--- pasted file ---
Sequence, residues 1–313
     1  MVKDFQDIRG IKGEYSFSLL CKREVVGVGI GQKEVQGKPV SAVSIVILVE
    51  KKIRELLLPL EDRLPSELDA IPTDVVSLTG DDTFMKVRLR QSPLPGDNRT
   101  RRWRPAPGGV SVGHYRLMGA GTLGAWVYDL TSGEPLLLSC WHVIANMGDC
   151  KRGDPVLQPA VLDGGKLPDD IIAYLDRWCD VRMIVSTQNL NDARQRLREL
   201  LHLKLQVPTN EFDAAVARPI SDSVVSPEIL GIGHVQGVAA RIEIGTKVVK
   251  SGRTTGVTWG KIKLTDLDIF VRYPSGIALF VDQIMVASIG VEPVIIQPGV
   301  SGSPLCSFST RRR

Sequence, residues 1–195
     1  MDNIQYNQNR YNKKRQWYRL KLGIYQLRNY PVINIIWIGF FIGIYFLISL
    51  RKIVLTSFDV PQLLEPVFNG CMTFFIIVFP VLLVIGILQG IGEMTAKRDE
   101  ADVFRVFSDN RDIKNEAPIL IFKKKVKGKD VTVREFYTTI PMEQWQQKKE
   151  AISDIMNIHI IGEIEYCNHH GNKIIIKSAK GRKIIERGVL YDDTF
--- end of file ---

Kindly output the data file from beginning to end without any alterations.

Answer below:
Sequence, residues 1–313
     1  MVKDFQDIRG IKGEYSFSLL CKREVVGVGI GQKEVQGKPV SAVSIVILVE
    51  KKIRELLLPL EDRLPSELDA IPTDVVSLTG DDTFMKVRLR QSPLPGDNRT
   101  RRWRPAPGGV SVGHYRLMGA GTLGAWVYDL TSGEPLLLSC WHVIANMGDC
   151  KRGDPVLQPA VLDGGKLPDD IIAYLDRWCD VRMIVSTQNL NDARQRLREL
   201  LHLKLQVPTN EFDAAVARPI SDSVVSPEIL GIGHVQGVAA RIEIGTKVVK
   251  SGRTTGVTWG KIKLTDLDIF VRYPSGIALF VDQIMVASIG VEPVIIQPGV
   301  SGSPLCSFST RRR

Sequence, residues 1–195
     1  MDNIQYNQNR YNKKRQWYRL KLGIYQLRNY PVINIIWIGF FIGIYFLISL
    51  RKIVLTSFDV PQLLEPVFNG CMTFFIIVFP VLLVIGILQG IGEMTAKRDE
   101  ADVFRVFSDN RDIKNEAPIL IFKKKVKGKD VTVREFYTTI PMEQWQQKKE
   151  AISDIMNIHI IGEIEYCNHH GNKIIIKSAK GRKIIERGVL YDDTF